May 15, 2008
Paradoxes characterize life in Israel
(Page 2 - Previous Page)Most of all, we sing. Every kind of song is created here. The musical encounter between East and West -- elsewhere designated as "world music" -- here is simply Israeli music. And in recent years, God has become a major protagonist of Israeli rock, confounding our notion of a nation divided between "secular" and "religious." The old sentimental patriotic songs are kept alive in mass sing-alongs around the country and by new hip-hop and reggae versions. The more desperate the situation becomes, the more exuberantly Israelis sing.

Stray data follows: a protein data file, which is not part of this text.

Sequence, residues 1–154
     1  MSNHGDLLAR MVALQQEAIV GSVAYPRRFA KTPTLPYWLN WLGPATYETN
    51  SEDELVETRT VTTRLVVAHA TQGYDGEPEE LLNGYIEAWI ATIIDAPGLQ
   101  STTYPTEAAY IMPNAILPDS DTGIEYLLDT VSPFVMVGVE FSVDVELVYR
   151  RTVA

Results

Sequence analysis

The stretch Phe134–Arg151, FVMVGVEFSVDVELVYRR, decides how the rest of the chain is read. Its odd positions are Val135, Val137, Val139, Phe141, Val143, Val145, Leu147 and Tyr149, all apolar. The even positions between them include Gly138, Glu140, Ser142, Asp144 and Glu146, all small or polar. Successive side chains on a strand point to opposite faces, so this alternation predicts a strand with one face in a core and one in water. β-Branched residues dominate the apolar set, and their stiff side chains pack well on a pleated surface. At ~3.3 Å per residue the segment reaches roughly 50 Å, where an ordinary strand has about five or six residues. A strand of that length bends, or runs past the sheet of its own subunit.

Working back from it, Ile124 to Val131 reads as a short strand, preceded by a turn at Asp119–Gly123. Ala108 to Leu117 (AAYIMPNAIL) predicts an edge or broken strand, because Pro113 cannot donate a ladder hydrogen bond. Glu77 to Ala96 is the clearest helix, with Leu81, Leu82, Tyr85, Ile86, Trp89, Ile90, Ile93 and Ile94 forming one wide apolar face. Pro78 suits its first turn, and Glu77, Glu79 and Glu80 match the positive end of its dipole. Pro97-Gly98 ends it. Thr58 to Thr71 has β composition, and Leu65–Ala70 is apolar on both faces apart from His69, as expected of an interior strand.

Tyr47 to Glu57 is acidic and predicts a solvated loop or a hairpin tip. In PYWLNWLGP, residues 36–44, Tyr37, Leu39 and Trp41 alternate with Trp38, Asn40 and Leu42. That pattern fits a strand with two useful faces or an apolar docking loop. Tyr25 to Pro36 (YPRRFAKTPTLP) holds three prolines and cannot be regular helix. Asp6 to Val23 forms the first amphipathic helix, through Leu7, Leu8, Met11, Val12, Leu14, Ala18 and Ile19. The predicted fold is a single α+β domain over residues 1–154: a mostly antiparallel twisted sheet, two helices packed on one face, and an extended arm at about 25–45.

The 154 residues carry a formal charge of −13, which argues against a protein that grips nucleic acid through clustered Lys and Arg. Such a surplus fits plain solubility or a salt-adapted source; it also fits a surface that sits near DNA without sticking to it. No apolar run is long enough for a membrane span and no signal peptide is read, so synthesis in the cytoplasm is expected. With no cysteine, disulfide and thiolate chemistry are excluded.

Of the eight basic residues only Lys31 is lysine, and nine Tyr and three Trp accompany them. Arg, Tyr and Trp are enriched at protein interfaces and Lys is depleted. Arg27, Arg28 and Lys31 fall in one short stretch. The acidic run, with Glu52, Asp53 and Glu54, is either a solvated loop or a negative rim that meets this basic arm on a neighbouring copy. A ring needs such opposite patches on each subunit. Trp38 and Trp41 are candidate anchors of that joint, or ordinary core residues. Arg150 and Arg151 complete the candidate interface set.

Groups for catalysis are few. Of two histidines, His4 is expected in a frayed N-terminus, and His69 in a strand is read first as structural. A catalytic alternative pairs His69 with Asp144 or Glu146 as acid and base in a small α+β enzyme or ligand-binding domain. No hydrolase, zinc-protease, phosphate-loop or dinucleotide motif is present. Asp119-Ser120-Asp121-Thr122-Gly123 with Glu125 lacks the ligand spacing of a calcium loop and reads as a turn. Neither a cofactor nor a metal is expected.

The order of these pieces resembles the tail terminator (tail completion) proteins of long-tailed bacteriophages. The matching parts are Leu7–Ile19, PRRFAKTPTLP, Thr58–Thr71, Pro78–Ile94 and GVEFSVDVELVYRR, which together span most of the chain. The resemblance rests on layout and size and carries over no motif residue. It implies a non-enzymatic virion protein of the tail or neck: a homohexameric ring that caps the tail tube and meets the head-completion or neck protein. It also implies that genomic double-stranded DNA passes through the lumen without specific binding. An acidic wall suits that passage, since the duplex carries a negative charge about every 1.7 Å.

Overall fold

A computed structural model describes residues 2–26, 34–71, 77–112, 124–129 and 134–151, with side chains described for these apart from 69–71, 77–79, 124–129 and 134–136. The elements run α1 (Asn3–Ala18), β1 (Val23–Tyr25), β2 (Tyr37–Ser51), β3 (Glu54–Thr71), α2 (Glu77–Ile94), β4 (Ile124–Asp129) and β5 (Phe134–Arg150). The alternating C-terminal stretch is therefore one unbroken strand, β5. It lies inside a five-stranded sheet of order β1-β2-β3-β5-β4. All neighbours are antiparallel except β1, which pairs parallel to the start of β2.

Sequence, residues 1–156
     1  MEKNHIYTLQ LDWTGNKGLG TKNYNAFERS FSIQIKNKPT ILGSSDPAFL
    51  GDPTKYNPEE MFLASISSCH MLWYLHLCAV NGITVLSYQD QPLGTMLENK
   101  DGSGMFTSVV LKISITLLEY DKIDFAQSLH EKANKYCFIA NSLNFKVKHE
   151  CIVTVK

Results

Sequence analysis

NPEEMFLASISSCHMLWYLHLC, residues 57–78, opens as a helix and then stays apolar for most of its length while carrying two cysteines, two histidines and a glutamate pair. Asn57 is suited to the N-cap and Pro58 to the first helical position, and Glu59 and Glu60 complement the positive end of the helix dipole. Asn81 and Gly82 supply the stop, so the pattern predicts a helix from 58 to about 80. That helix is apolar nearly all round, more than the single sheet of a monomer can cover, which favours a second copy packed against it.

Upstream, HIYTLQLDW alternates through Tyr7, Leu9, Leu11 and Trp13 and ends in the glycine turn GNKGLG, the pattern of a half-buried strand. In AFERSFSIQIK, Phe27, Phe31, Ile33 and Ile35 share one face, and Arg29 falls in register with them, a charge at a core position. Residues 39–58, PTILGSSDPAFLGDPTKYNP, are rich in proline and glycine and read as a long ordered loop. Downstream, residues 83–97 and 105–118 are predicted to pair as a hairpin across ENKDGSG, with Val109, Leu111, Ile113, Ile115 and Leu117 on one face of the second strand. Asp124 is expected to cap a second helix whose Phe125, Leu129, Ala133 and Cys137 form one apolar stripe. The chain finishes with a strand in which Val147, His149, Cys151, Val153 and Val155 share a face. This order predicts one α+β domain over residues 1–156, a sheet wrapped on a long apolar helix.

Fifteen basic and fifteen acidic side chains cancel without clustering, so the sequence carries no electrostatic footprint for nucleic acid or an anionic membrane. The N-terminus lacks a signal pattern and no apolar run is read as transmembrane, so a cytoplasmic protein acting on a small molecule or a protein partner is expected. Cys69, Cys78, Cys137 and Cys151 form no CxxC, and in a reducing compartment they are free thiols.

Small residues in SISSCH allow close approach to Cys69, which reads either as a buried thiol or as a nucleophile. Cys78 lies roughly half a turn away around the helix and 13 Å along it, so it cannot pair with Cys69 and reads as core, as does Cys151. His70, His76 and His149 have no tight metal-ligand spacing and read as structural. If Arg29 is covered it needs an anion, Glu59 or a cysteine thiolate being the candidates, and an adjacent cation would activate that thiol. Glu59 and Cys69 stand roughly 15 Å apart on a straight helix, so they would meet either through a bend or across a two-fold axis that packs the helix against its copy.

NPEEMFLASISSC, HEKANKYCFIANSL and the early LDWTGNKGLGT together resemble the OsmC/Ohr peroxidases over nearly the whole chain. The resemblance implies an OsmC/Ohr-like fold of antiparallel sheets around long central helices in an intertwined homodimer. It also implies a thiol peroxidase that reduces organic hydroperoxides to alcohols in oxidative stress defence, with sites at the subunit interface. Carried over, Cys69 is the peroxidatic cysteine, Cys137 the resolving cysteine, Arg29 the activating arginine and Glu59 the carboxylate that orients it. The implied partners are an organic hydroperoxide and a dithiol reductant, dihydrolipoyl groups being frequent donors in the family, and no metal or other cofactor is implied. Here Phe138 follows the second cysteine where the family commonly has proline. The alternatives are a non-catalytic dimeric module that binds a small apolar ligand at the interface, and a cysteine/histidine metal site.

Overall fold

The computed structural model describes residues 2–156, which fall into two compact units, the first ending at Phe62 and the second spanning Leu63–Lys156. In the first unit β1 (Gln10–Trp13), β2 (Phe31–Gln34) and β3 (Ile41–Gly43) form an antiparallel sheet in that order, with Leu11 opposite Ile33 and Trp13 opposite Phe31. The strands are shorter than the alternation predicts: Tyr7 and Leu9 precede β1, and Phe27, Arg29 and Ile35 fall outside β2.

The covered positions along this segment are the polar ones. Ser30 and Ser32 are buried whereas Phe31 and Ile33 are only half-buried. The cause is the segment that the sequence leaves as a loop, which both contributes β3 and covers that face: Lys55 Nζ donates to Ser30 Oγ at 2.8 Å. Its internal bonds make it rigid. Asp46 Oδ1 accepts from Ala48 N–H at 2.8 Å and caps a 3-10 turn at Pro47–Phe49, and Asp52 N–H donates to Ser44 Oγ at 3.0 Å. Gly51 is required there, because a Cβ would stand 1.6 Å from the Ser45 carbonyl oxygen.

To be an Israeli at 60 is to be at once disappointed and awed. It means being primed for surprise -- an emergency airlift of a remote Jewish tribe, missiles on Tel Aviv, an Arab leader seeking peace in Jerusalem. It means that even as we grow wary of the mythic, we still feel privileged to live in the ultimate Jewish myth.
This essay originally appeared in The Jewish Week and is reprinted with permission.
Yossi Klein Halevi is a senior fellow at the Adelson Institute for Strategic Studies of the Shalem Center in Jerusalem and the Israel correspondent of the New Republic.
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